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Unfairness in student debt is topic

Unfairness in student debt is topic


College debt is such a heavy burden for many former students to haul around that it’s hard to imagine that one sex might usually drag along behind them a greater weight than the other.

How can that possibly happen?

Silvia Fedirici, a professor emerita and Teaching Fellow at Hofstra University, will make exactly that case on Tuesday, Oct. 29, at SUNY Cortland.

Her talk, on the devaluation of care through student loan debt and its relation to gender inequality, will run from 5 to 6:30 p.m. in Sperry Center, Room 104.

The talk continues the SUNY Cortland Cultural and Intellectual Climate Committee’s (CICC) year-long series on “Debt,” a concept that will explore a wide range of issues spanning criminal justice, inequality, immigration and climate change.

The series events are free and open to the public.

Federici is an Italian-American scholar, teacher, and activist from the feminist autonomist Marxist tradition.

In the 1970s, she was a founding member of the International Network for Wages for Housework and was also involved with the Midnight Notes Collective. She lived and taught in Nigeria in the 1980s, where she also worked with women’s organizations and against the politics of structural adjustment that were then being tested throughout Africa.

Federici is the author of a number of highly influential books, including the feminist classic Caliban and the Witch: Women, the Body and Primitive Accumulation, and Revolution at Point Zero: Housework, Reproduction and Feminist Struggles. Her most recent publication is Wages Against Housework, a documentary history of the Wages for Housework Movement.

Additional talks in the “Debt” series through late October are as follows:

WEDNESDAY, OCT. 9. Professor Todd McLane, farm director at Tompkins Cortland Community College, and Kelly Wessel, chair of TC3’s Environmental Studies Program, will give a talk on ecological services and the food system. The lecture relates to TC3’s five-year-old Farm-to-Bistro Program, which offers a sustainable farming and food systems degree track. The presentation is from 5 in 6:30 p.m. in Brockway Hall Jacobus Lounge.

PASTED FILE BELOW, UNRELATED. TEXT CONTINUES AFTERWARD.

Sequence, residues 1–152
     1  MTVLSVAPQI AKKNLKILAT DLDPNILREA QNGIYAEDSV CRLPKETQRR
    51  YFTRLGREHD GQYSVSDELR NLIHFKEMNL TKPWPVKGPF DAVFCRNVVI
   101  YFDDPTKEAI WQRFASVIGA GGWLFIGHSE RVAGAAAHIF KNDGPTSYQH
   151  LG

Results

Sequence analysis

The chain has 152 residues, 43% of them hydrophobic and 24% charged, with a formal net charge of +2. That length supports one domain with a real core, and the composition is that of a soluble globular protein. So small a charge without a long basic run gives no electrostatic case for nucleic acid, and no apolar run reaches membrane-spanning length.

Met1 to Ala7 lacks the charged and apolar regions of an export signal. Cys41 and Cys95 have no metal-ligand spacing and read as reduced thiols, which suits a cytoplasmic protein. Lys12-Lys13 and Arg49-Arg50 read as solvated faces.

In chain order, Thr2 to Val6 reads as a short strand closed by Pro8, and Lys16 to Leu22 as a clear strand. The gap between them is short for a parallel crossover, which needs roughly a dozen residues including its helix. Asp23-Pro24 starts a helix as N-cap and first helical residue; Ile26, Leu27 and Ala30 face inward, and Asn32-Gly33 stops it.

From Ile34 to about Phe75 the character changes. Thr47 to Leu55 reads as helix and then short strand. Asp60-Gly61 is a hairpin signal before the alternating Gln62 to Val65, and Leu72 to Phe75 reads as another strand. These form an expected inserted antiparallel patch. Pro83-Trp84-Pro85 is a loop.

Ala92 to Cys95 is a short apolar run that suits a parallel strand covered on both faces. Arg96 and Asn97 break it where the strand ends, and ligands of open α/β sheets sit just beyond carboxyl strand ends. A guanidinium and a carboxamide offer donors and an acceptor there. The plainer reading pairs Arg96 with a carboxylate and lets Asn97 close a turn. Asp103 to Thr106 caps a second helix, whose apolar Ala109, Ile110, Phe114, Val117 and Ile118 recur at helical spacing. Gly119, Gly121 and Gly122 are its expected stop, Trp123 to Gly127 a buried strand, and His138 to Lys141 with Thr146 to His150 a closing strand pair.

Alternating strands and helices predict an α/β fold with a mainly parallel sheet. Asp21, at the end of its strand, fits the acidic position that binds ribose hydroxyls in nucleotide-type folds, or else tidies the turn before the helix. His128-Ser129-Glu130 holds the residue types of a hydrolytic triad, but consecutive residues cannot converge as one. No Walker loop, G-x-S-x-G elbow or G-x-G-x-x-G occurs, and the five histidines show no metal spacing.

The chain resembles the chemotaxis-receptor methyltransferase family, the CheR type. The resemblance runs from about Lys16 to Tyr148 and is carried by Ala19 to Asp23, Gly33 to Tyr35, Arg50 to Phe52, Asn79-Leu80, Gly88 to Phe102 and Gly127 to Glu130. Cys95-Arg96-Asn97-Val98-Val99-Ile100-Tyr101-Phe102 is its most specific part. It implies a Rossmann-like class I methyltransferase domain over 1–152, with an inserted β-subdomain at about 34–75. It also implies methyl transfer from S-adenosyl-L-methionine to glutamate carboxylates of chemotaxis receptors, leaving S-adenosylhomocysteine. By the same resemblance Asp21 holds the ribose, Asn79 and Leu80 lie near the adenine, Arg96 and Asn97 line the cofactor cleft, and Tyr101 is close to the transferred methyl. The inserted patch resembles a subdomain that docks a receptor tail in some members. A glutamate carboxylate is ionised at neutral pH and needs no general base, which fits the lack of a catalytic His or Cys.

THURSDAY, OCT. 24. A student-created, graphic design exhibition, “Care, Crisis, Climate, and Debt,” opens at 4:30 p.m. in Old Main Colloquium. The display is hosted by Szilvia Kadas, SUNY Cortland assistant professor of art and art history; Benjamin Wilson, an assistant professor of economics; and Dowd Gallery.

This painting of a 19th century Scottish funeral occurs during a time people believed in the tradition of "sin-eating," a tradition that evolved into a profession of "sin-eaters," people who got paid to absorb the sins of the recently deceased.

Featured Conversations in the Disciplines guests as well as Cortland faculty, staff and students are invited to contribute original works, which the committee plans to publish the collected works under the Global Institute for Sustainable Prosperity’s ongoing book series under an agreement with publisher Palgrave-MacMillan. The institute is an independent public policy think-tank dedicated to the promotion of interdisciplinary research.

The “Debt” series programming is supported by a $5,000 grant from SUNY Conversations in the Disciplines, a program created to build connections between SUNY faculty and visiting faulty from non-SUNY institutions. The series is co-sponsored by the Provost and Vice President for Academic Affairs Office, the Campus Artist and Lecture Series, the Research and Sponsored Programs Office, the President’s Office and the Cortland College Foundation.

To submit an event, a Field Guide contribution, volunteer to support this year’s activities and programming, or for more information, contact organizer and Assistant Professor of Economics Benjamin Wilson at 607-753-2436. Stay current with the series news on Twitter at @SUNYCortCICC.